The change comes following criticism of the questionable methods Missouri had obtained the drug it had previously planned to use, as well as concern that its use could harm hospitals throughout the U.S. The state had planned to use a common anesthetic named propofol, which has never been used to carry out an execution.

Veronique LaCapra / St. Louis Public Radio

On Friday, Governor Jay Nixon postponed the execution of an inmate that was set for later this month. That execution was going to be carried out using propofol, a common anesthetic that has never been used in a lethal injection before. So why the change in plans?

Updated 10/9/2013 6:42

The Missouri Department of Corrections has announced that it will be returning some of its propofol to its supplier, as the company requested almost a year ago.

propofol
Nottingham Vet School / Flikr

If Missouri goes through with using a common anesthetic in two executions later this year, it could have a very real impact on hospitals throughout the U.S.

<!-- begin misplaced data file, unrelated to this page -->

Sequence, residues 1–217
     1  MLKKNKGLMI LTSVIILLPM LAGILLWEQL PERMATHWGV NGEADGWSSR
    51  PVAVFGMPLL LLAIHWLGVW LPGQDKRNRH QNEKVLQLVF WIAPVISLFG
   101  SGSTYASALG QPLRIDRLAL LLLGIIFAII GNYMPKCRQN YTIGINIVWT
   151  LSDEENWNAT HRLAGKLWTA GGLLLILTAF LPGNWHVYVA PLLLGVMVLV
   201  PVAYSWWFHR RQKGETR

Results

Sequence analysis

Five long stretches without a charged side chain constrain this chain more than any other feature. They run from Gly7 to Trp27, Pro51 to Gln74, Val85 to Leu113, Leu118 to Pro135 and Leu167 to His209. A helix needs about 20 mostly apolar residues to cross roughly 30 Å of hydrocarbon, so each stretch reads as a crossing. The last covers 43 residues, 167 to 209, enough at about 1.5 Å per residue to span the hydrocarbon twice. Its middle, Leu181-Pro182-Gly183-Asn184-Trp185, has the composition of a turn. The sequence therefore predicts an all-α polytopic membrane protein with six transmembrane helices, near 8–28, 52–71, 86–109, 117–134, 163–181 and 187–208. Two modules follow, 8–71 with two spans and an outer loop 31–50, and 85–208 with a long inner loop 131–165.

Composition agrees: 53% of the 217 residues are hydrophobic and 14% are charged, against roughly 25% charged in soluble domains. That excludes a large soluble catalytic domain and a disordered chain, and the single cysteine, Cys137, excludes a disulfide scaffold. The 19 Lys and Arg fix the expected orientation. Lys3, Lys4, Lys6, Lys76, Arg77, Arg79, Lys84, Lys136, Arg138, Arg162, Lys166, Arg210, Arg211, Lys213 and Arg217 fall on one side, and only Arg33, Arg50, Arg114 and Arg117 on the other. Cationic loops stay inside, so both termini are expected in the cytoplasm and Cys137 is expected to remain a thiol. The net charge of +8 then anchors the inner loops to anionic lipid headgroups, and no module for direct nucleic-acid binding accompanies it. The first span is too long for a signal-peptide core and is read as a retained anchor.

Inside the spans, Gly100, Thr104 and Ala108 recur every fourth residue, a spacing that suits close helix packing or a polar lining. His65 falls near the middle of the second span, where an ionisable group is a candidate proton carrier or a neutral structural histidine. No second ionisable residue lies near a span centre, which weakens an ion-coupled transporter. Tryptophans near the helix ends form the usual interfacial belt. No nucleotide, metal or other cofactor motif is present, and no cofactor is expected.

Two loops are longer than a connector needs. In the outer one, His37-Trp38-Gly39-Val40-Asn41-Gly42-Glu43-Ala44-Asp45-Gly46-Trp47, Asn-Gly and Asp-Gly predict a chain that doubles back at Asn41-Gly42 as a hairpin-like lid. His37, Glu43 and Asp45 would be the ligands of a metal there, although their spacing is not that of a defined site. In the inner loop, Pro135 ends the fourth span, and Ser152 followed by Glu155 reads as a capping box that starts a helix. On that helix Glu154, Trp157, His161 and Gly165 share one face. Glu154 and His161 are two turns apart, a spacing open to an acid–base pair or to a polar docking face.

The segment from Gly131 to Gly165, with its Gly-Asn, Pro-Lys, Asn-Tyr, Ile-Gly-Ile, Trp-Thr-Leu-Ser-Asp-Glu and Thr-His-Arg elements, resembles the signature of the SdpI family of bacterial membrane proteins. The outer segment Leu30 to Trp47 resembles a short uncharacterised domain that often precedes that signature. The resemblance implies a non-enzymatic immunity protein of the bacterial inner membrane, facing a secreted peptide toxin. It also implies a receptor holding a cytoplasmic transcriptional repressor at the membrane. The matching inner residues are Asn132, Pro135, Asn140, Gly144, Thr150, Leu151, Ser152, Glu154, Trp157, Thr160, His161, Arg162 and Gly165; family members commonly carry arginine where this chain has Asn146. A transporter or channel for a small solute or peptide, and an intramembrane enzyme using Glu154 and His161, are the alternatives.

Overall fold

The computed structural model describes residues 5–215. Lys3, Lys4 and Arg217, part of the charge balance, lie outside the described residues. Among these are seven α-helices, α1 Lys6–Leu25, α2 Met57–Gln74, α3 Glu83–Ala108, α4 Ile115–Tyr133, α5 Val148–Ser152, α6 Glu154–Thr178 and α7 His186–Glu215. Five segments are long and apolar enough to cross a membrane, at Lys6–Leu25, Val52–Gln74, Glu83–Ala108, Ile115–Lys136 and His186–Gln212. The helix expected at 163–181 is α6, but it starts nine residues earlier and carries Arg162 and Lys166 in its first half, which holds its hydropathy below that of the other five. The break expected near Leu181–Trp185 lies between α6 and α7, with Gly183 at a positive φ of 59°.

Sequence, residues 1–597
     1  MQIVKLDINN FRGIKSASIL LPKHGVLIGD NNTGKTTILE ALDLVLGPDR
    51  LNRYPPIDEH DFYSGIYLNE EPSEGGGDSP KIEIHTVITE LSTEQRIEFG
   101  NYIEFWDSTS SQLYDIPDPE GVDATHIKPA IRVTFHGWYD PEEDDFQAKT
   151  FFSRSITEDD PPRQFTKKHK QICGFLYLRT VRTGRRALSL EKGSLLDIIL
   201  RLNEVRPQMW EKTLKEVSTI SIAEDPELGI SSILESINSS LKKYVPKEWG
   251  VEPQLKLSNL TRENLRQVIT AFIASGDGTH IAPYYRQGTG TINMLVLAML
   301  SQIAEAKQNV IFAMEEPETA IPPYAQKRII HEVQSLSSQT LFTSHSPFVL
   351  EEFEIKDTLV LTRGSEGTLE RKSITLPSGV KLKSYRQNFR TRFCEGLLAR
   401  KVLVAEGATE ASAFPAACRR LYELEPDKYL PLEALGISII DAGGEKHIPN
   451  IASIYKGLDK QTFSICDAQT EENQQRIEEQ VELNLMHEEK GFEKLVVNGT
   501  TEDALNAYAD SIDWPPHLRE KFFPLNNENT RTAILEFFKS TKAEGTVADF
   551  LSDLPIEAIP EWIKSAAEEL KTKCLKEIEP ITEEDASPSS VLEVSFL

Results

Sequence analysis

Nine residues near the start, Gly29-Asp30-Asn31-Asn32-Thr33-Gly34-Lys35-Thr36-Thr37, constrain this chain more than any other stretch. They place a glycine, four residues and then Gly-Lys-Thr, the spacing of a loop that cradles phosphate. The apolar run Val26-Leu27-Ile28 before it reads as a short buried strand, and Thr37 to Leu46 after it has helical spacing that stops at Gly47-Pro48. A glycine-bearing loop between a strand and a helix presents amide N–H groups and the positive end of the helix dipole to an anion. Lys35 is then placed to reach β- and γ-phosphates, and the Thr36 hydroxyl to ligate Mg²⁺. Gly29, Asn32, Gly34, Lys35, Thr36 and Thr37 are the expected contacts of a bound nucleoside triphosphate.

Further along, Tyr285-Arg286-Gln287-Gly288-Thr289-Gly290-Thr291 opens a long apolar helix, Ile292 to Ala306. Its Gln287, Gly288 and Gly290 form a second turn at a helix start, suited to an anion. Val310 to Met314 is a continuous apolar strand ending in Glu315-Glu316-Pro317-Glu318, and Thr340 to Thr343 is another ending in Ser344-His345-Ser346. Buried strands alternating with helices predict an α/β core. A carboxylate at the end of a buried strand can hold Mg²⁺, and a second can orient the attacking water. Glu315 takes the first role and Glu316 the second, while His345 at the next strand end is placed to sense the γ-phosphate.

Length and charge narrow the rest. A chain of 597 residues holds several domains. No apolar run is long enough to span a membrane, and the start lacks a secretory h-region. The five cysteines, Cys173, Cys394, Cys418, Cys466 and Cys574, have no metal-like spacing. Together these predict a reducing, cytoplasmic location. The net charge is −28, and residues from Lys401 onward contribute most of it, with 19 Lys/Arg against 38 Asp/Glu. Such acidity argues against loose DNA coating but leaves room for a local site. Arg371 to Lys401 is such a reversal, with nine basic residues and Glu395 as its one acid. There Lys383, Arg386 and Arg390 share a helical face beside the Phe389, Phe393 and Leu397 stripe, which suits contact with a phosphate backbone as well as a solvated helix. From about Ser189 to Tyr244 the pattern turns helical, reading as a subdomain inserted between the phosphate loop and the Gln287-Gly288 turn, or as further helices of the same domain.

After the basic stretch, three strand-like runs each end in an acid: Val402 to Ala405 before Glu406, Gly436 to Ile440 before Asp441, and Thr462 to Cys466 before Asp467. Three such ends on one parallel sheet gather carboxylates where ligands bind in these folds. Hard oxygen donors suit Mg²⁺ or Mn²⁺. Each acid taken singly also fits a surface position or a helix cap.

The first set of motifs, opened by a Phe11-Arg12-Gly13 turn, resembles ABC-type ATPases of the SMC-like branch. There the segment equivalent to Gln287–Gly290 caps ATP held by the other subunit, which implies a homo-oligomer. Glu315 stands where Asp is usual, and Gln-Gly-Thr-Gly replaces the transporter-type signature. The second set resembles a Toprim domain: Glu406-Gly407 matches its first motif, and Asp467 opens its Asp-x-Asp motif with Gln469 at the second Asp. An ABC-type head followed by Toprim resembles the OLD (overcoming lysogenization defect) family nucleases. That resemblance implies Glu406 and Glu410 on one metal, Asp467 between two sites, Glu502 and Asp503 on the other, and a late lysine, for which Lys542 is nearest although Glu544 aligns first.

Gov. Jay Nixon said Monday the state will be moving forward with the executions.

The European Union says they will consider possible export limits of the anesthetic propofol if Missouri uses the drug in executions scheduled for this month and next.

The U.S. gets the vast majority of the common anesthetic from the EU.

Thousands of conservatives attended CPAC St. Louis on Saturday to listen to more than 40 conservative leaders and rising stars. There were a number of last-minute speaking cancellations for the conference. Members of the US House had to stay in DC to work on a fix to avoid a partial government shutdown.

Republican Senator Roy Blunt of Missouri also cancelled, saying he was working on a deal even though the Senate wasn’t in session. That decision drew the ire of many conservatives.

From gun control to a controversial tax cut, this year's veto session in the Missouri Legislature was one to watch.

We had a live blog during all of the developments, which you can read through still below our summaries. Here are a few things to take away: